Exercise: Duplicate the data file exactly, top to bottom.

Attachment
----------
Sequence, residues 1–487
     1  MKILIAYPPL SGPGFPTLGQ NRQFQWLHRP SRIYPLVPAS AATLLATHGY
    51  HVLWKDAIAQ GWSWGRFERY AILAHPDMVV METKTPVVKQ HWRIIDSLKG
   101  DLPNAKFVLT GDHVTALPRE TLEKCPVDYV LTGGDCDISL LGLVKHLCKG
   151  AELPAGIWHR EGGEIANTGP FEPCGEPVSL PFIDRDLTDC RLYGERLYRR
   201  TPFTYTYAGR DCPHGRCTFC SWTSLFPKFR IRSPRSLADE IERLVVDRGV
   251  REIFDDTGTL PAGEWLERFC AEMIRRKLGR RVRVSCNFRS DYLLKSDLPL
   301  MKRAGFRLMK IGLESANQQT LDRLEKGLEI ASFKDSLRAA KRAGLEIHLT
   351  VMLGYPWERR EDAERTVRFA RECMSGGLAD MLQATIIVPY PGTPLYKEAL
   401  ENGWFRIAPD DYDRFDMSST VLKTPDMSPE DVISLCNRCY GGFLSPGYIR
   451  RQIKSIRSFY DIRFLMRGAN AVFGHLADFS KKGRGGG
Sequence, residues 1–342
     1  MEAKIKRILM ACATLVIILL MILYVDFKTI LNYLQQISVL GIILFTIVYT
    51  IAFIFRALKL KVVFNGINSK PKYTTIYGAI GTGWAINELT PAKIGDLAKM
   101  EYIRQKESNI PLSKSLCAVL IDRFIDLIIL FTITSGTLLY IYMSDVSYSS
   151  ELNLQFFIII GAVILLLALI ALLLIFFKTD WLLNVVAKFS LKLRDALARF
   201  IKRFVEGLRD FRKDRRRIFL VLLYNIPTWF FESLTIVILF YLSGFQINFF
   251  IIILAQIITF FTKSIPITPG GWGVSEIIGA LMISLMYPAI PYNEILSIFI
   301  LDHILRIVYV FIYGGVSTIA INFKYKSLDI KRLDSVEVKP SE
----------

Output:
Sequence, residues 1–487
     1  MKILIAYPPL SGPGFPTLGQ NRQFQWLHRP SRIYPLVPAS AATLLATHGY
    51  HVLWKDAIAQ GWSWGRFERY AILAHPDMVV METKTPVVKQ HWRIIDSLKG
   101  DLPNAKFVLT GDHVTALPRE TLEKCPVDYV LTGGDCDISL LGLVKHLCKG
   151  AELPAGIWHR EGGEIANTGP FEPCGEPVSL PFIDRDLTDC RLYGERLYRR
   201  TPFTYTYAGR DCPHGRCTFC SWTSLFPKFR IRSPRSLADE IERLVVDRGV
   251  REIFDDTGTL PAGEWLERFC AEMIRRKLGR RVRVSCNFRS DYLLKSDLPL
   301  MKRAGFRLMK IGLESANQQT LDRLEKGLEI ASFKDSLRAA KRAGLEIHLT
   351  VMLGYPWERR EDAERTVRFA RECMSGGLAD MLQATIIVPY PGTPLYKEAL
   401  ENGWFRIAPD DYDRFDMSST VLKTPDMSPE DVISLCNRCY GGFLSPGYIR
   451  RQIKSIRSFY DIRFLMRGAN AVFGHLADFS KKGRGGG
Sequence, residues 1–342
     1  MEAKIKRILM ACATLVIILL MILYVDFKTI LNYLQQISVL GIILFTIVYT
    51  IAFIFRALKL KVVFNGINSK PKYTTIYGAI GTGWAINELT PAKIGDLAKM
   101  EYIRQKESNI PLSKSLCAVL IDRFIDLIIL FTITSGTLLY IYMSDVSYSS
   151  ELNLQFFIII GAVILLLALI ALLLIFFKTD WLLNVVAKFS LKLRDALARF
   201  IKRFVEGLRD FRKDRRRIFL VLLYNIPTWF FESLTIVILF YLSGFQINFF
   251  IIILAQIITF FTKSIPITPG GWGVSEIIGA LMISLMYPAI PYNEILSIFI
   301  LDHILRIVYV FIYGGVSTIA INFKYKSLDI KRLDSVEVKP SE